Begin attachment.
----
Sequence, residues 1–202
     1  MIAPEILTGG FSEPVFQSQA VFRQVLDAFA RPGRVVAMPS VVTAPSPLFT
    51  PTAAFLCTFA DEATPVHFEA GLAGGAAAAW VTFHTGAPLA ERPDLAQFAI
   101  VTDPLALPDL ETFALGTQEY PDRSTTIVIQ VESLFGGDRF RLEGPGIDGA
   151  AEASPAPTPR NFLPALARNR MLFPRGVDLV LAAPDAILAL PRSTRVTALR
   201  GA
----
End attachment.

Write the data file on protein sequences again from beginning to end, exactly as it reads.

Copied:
Sequence, residues 1–202
     1  MIAPEILTGG FSEPVFQSQA VFRQVLDAFA RPGRVVAMPS VVTAPSPLFT
    51  PTAAFLCTFA DEATPVHFEA GLAGGAAAAW VTFHTGAPLA ERPDLAQFAI
   101  VTDPLALPDL ETFALGTQEY PDRSTTIVIQ VESLFGGDRF RLEGPGIDGA
   151  AEASPAPTPR NFLPALARNR MLFPRGVDLV LAAPDAILAL PRSTRVTALR
   201  GA